To rapidly transport the right ions through the cell membrane, the tiny channels rely on a complex interplay between the ions and surrounding molecules,...

Im Focus: Towards data storage at the single molecule level

The miniaturization of the current technology of storage media is hindered by fundamental limits of quantum mechanics. A new approach consists in using so-called spin-crossover molecules as the smallest possible storage unit. Similar to normal hard drives, these special molecules can save information via their magnetic state. A research team from Kiel University has now managed to successfully place a new class of spin-crossover molecules onto a surface and to improve the molecule’s storage capacity. The storage density of conventional hard drives could therefore theoretically be increased by more than one hundred fold. The study has been published in the scientific journal Nano Letters.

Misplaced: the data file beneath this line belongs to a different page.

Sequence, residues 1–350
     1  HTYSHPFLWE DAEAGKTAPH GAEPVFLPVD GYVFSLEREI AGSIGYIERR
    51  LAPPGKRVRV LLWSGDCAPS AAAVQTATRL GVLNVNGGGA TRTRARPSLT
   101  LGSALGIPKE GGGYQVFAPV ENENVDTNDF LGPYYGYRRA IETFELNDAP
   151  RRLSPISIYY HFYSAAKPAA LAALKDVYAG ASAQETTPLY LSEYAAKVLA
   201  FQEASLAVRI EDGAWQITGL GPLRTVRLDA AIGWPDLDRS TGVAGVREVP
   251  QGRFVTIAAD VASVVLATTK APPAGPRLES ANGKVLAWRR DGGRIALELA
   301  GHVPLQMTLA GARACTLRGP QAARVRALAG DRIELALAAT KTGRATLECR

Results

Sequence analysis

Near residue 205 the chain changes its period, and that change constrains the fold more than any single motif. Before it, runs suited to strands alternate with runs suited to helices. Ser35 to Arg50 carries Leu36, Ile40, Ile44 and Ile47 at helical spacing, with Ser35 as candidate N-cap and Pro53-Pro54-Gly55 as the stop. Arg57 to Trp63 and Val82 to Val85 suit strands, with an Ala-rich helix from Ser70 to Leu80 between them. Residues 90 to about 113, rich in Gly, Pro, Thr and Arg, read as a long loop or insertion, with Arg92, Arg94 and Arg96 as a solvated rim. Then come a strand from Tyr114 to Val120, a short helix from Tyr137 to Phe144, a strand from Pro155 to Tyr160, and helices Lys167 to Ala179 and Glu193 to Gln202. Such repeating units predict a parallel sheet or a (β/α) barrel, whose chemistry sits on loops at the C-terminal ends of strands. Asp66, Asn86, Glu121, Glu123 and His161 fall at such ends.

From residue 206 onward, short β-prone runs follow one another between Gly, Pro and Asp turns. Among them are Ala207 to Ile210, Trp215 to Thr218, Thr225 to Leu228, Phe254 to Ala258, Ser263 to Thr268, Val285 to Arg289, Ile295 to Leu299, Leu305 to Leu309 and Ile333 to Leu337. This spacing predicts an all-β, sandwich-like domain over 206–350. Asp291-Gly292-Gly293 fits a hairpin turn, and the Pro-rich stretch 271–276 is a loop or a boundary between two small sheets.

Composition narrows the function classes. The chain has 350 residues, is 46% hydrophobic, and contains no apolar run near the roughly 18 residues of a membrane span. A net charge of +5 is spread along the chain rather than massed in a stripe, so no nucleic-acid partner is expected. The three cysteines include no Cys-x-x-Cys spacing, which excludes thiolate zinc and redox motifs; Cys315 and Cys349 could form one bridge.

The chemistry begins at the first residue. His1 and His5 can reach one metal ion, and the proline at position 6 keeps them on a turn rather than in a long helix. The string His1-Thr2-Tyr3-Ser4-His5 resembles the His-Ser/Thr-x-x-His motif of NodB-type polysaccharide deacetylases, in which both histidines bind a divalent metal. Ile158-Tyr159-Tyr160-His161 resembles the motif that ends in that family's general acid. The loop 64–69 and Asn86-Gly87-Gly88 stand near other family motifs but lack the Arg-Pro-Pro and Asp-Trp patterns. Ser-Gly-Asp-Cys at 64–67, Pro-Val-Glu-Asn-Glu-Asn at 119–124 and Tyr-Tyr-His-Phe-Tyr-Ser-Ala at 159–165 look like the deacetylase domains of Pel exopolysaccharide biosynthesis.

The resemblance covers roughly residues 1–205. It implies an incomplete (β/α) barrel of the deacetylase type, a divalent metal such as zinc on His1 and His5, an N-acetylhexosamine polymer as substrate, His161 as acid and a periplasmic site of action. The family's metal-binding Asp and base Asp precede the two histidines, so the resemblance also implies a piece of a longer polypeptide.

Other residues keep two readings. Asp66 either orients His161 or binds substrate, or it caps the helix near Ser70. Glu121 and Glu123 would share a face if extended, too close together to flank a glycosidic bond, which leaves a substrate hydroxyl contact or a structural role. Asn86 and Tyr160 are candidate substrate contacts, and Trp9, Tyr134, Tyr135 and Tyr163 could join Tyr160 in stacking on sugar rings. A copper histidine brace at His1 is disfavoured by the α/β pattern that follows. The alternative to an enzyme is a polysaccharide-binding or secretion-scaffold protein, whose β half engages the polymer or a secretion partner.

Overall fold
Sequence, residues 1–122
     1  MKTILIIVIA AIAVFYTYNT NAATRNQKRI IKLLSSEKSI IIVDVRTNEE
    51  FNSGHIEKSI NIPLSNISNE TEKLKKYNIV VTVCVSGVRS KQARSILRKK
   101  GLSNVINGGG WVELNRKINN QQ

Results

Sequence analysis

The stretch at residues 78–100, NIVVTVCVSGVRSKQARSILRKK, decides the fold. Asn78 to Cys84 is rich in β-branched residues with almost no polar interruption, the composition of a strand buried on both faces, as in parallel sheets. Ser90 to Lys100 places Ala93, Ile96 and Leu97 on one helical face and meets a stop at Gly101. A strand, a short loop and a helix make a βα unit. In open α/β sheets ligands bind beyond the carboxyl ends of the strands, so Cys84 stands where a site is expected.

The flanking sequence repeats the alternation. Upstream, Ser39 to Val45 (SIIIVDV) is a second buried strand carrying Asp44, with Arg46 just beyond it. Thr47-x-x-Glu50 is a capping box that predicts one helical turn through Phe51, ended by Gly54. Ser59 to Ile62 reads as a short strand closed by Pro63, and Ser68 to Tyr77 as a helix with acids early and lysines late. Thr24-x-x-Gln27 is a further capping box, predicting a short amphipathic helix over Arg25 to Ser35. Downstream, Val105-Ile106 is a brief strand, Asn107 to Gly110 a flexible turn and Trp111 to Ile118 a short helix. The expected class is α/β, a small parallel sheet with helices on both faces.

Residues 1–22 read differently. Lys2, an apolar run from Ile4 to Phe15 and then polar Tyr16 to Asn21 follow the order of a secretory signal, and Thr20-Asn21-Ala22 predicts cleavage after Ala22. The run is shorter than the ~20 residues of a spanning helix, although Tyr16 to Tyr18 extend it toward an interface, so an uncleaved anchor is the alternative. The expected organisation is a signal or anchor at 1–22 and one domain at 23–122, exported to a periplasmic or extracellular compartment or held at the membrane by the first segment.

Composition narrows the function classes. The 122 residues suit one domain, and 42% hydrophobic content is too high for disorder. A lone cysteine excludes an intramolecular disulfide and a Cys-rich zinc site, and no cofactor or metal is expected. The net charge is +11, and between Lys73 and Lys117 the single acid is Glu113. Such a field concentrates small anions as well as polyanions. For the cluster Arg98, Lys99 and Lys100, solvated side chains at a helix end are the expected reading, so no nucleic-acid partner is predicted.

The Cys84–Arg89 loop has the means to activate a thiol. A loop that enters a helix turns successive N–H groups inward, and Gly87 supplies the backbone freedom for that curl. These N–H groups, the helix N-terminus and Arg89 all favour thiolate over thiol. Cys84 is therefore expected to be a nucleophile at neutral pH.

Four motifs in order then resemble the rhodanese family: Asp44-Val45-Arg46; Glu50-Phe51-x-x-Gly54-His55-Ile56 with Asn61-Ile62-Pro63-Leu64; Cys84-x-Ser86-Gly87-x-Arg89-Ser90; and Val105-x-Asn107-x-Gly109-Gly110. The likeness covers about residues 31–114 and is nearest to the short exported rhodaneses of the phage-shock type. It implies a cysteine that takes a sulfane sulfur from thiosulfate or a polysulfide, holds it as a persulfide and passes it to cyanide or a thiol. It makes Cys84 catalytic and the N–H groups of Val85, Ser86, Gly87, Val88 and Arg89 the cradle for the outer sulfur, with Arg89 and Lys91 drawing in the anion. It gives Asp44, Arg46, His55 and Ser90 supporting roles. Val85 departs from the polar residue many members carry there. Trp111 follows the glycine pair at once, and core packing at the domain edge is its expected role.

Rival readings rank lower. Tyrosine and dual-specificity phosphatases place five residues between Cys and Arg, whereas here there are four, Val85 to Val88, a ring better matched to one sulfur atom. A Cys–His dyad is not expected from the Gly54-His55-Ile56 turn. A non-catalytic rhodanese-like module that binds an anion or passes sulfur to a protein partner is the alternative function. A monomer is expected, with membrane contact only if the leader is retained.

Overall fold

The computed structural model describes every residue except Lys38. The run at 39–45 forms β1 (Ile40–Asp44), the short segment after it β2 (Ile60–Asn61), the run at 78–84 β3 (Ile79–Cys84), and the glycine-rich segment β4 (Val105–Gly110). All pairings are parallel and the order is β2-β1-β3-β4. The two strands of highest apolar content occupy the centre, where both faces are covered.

Over the past few years, the building blocks of storage media have gotten ever smaller. But further miniaturization of the current technology is hindered by...

All Focus news of the innovation-report >>>

Anzeige

Anzeige

Event News

See, understand and experience the work of the future

11.12.2017 | Event News

Innovative strategies to tackle parasitic worms

08.12.2017 | Event News

AKL’18: The opportunities and challenges of digitalization in the laser industry

07.12.2017 | Event News

 
Latest News

Engineers program tiny robots to move, think like insects

15.12.2017 | Power and Electrical Engineering

One in 5 materials chemistry papers may be wrong, study suggests

15.12.2017 | Materials Sciences

New antbird species discovered in Peru by LSU ornithologists

15.12.2017 | Life Sciences

VideoLinks
B2B-VideoLinks
More VideoLinks >>>